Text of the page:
Posted by: Sifu Tweety | Link to this comment | 11-20-08 7:58 PM
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145 to 144 and 143, inclusive.

"LET'S GET READY FOR MAAAAAAAAAAAAAAAATTTRRRRIIIMOOOOOOOOONNNYYYY!"

I was about to wonder if Big John McCarthy does weddings, but you know what? I'm sure he does.


Posted by: Sifu Tweety | Link to this comment | 11-20-08 8:00 PM
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it'd be fresh if we emerged from the ground shrouded in smoke a la Motley Crüe.

One of my friends had a wedding at an old movie theater that had a wurlitzer organ where the console could be raised and lowered. The wedding party all rose up together at the front of the theater and the wurlitzer did all the music for the ceremony. It was pretty awesome.


Posted by: CJB | Link to this comment | 11-20-08 8:04 PM
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Actually this would be a much better choice.


Posted by: Josh | Link to this comment | 11-20-08 8:05 PM
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Oh yeah, then they showed The Princess Bride between the ceremony and the reception.


Posted by: CJB | Link to this comment | 11-20-08 8:12 PM
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What would be your respective entrance music?

Clearly.


Posted by: Blume | Link to this comment | 11-20-08 8:13 PM
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But all those friends would be coming from around the country, and when they get here there won't be some sort of awesome party. And they don't really form a cohesive group of friends anyway, just individual people here and there.

Nid, this sounds like the setup to a lovely wedding, if you can persuade people to stick around for a couple days and get to know each other at meals and even field trips.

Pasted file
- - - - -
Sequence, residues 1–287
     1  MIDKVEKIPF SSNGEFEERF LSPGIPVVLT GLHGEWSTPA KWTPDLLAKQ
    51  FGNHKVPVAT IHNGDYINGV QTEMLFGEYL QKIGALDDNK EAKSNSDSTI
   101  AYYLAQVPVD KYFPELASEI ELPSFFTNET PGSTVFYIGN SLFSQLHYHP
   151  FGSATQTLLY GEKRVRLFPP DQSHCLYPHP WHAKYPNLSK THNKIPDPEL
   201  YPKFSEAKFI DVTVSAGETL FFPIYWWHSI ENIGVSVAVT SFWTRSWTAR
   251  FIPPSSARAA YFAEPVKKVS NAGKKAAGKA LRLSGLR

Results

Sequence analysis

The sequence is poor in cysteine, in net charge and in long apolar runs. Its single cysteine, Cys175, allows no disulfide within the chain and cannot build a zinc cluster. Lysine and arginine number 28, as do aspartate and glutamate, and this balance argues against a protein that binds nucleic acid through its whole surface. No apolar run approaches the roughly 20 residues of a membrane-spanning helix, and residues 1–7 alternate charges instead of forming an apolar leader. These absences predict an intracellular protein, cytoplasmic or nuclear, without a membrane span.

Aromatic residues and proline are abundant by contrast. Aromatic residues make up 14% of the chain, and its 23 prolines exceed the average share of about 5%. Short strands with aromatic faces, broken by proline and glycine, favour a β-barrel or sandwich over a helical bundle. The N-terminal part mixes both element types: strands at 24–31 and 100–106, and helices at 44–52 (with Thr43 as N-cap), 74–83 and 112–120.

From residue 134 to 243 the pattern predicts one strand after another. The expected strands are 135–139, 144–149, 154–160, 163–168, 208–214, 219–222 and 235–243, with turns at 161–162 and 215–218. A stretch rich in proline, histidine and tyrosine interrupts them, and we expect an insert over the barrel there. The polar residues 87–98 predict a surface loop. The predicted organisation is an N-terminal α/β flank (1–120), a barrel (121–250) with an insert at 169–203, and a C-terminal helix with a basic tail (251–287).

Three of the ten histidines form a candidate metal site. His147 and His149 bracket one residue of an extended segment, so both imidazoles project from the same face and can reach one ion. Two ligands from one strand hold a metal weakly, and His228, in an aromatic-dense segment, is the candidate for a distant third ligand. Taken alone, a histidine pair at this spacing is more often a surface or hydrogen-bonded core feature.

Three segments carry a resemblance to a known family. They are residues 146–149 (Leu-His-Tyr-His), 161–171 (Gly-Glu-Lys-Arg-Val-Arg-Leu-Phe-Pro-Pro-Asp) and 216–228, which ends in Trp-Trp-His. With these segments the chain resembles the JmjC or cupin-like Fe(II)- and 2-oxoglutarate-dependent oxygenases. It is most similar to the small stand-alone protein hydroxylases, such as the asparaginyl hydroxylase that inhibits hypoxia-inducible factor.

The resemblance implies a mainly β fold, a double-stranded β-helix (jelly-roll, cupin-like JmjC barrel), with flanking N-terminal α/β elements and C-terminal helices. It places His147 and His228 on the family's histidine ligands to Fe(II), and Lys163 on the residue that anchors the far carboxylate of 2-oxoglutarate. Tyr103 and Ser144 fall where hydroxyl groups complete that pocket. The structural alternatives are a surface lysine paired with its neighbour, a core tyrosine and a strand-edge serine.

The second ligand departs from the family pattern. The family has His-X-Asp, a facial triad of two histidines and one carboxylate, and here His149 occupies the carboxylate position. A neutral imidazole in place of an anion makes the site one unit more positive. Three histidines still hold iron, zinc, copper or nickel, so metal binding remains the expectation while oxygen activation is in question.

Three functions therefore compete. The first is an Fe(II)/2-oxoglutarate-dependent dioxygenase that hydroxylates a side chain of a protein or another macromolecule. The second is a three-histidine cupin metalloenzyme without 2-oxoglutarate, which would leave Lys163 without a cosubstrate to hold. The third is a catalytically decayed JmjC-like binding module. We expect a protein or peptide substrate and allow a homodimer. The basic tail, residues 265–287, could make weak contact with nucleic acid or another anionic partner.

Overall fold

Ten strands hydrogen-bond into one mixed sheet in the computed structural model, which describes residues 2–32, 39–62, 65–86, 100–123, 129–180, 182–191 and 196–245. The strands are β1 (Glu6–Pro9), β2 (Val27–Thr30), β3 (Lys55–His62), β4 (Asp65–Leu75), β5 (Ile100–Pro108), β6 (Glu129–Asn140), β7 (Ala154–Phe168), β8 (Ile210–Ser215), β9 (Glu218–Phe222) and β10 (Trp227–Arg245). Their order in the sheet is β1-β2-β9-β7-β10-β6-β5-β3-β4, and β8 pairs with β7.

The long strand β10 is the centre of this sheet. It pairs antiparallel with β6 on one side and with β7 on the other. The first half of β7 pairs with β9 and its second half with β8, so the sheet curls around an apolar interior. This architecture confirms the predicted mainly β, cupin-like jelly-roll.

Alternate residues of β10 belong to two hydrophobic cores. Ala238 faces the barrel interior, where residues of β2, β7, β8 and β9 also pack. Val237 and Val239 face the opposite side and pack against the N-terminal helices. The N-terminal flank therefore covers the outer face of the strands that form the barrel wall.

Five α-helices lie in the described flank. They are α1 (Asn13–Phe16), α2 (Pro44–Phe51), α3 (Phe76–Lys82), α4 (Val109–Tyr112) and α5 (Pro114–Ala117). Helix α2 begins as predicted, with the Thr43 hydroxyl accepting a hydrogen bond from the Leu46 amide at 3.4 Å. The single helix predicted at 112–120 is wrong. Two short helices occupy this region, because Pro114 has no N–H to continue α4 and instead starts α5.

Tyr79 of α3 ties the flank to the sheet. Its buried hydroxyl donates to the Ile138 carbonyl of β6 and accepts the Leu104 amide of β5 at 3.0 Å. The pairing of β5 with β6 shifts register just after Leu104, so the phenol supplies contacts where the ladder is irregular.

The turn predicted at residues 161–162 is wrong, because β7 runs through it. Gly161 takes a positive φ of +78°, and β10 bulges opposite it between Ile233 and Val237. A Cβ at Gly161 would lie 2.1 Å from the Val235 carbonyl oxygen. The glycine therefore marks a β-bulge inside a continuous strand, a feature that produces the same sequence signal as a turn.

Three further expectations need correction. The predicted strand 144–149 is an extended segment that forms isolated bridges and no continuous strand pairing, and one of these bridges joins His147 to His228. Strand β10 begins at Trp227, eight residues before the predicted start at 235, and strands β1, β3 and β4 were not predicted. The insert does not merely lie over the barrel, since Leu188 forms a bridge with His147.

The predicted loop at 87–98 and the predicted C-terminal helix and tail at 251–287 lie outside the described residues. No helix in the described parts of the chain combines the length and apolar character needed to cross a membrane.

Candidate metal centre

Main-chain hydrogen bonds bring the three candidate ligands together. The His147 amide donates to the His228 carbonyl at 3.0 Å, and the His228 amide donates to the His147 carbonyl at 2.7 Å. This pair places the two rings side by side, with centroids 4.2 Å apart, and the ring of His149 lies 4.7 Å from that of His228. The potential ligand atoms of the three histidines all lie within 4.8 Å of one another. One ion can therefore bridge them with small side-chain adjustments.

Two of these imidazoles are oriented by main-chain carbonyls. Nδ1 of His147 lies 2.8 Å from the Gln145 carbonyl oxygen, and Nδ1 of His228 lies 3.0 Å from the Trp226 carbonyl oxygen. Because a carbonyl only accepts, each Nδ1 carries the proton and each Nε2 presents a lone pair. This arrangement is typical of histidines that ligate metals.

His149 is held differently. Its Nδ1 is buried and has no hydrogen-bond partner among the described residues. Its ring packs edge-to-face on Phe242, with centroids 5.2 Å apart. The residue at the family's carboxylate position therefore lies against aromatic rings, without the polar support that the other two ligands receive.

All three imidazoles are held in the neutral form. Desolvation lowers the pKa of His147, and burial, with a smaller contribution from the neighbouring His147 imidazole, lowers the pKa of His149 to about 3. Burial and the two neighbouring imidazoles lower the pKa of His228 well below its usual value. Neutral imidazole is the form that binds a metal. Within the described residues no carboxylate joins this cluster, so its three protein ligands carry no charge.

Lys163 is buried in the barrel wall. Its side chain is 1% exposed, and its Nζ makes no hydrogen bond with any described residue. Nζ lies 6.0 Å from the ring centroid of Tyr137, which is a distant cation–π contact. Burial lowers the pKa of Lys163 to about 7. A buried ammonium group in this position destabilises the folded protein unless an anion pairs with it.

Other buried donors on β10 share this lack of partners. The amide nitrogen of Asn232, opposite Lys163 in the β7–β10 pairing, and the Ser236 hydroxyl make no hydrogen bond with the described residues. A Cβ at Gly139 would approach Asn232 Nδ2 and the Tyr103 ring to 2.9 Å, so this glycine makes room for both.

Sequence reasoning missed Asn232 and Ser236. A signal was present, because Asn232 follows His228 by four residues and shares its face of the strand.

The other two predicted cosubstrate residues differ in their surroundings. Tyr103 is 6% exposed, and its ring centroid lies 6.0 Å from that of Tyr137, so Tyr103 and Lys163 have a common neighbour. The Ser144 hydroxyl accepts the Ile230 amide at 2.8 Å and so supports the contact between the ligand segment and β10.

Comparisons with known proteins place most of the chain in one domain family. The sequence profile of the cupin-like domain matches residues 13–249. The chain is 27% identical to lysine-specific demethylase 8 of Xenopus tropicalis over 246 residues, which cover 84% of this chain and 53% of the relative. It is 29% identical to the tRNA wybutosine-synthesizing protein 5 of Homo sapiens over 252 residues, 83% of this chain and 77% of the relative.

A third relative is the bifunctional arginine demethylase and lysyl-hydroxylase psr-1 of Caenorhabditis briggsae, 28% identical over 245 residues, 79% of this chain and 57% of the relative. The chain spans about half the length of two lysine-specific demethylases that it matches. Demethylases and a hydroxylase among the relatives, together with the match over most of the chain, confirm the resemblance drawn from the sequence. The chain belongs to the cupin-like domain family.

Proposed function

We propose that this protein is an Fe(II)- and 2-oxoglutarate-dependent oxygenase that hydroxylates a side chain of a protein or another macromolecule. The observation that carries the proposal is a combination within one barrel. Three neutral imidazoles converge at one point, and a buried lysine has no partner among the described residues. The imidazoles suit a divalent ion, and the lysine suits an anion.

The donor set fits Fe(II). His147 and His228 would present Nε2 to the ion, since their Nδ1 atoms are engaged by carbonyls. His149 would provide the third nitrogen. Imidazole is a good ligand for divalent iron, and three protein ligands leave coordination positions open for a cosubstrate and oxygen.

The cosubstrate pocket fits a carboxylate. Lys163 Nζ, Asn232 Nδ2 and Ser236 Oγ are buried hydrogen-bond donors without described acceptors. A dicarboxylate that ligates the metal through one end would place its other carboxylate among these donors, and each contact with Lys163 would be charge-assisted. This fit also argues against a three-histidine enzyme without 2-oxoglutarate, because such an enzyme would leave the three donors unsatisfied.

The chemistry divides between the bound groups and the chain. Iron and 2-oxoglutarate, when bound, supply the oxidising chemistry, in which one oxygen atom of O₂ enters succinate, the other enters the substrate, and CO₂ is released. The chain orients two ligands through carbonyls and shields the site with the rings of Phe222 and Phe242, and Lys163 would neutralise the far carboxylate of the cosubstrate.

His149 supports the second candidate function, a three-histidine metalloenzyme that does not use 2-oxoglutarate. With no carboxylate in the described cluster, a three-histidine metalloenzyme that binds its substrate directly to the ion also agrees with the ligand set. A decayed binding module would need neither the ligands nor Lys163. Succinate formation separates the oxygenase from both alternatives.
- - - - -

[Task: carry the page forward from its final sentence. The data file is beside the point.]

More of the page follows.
The Wobegon wedding that I went to this summer was like that. There was a dinner Thursday night for anyone who was in town. Friday afternoon there was a ceremony and reception, with lots of the townsfolk invited. The dancing lasted into early evening, then the close age-group friends on either side met back at the couple's house for cigars around the campfire.

Saturday there was an all-day canoe trip -- various friends and family, mostly out-of-towners, two dozen or fewer, brown-paper bag lunches. One person had an asthma attack at the lunchtime stop and first responders came out to give her oxygen. Another had an intestinal episode and had convulsive diarrhea on the shorebank. It was a lovely day.


Posted by: Wrongshore | Link to this comment | 11-20-08 8:14 PM
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Things can be more leisurely in Wobegon because there's more and cheaper space.


Posted by: John Emerson | Link to this comment | 11-20-08 8:18 PM
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First dance!


Posted by: apostropher | Link to this comment | 11-20-08 8:25 PM
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Pinning money to the bride's dress is a Cypriot thing I always thought - also popular in parts of the Balkans I think, but not the parts where my friends live. It's also mentioned in the opening chapters of Upton Sinclair's "The Jungle" which is IIRC about Lithuanian immigrants in Chicago. Might also be done in parts of rural Italy but I'd consider it a bit bucolic there. It's got nothing to do with "buying sex for money" or strippers you perverted bastards; it's just symbolically showering the young couple with money.